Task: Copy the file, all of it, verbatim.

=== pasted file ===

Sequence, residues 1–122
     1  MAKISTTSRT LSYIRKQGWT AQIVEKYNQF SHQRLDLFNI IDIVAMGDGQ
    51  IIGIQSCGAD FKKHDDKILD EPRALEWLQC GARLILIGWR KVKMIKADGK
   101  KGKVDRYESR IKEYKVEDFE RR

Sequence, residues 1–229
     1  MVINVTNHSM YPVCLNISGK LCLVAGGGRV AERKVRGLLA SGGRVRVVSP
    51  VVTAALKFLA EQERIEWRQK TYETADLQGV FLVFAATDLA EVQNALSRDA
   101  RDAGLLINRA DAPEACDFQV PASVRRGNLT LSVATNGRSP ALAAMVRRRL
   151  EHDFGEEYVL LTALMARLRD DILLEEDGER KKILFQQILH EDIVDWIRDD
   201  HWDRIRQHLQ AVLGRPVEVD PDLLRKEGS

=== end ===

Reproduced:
Sequence, residues 1–122
     1  MAKISTTSRT LSYIRKQGWT AQIVEKYNQF SHQRLDLFNI IDIVAMGDGQ
    51  IIGIQSCGAD FKKHDDKILD EPRALEWLQC GARLILIGWR KVKMIKADGK
   101  KGKVDRYESR IKEYKVEDFE RR

Sequence, residues 1–229
     1  MVINVTNHSM YPVCLNISGK LCLVAGGGRV AERKVRGLLA SGGRVRVVSP
    51  VVTAALKFLA EQERIEWRQK TYETADLQGV FLVFAATDLA EVQNALSRDA
   101  RDAGLLINRA DAPEACDFQV PASVRRGNLT LSVATNGRSP ALAAMVRRRL
   151  EHDFGEEYVL LTALMARLRD DILLEEDGER KKILFQQILH EDIVDWIRDD
   201  HWDRIRQHLQ AVLGRPVEVD PDLLRKEGS